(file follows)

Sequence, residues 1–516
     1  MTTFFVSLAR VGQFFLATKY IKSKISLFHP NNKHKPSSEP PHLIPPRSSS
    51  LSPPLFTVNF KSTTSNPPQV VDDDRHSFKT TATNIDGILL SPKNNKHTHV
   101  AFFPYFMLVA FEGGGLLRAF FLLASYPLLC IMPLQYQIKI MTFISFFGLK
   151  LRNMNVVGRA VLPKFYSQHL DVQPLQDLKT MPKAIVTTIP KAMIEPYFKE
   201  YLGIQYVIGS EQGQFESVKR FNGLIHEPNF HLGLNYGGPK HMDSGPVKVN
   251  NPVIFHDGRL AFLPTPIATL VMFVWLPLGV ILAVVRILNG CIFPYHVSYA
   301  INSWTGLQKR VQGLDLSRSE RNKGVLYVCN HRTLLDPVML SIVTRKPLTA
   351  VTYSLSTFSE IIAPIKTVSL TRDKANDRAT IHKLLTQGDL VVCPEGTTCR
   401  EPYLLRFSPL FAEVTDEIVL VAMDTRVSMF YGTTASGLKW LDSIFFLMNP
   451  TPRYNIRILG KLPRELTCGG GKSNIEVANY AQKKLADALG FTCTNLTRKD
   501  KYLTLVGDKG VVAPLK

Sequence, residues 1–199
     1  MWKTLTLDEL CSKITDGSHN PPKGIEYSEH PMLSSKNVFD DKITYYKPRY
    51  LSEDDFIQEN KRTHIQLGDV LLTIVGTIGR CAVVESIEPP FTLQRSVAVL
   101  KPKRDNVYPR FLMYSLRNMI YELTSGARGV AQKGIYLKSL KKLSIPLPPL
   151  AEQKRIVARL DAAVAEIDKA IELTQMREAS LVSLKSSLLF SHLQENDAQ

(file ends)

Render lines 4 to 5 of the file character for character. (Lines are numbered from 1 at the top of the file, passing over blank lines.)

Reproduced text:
   101  AFFPYFMLVA FEGGGLLRAF FLLASYPLLC IMPLQYQIKI MTFISFFGLK
   151  LRNMNVVGRA VLPKFYSQHL DVQPLQDLKT MPKAIVTTIP KAMIEPYFKE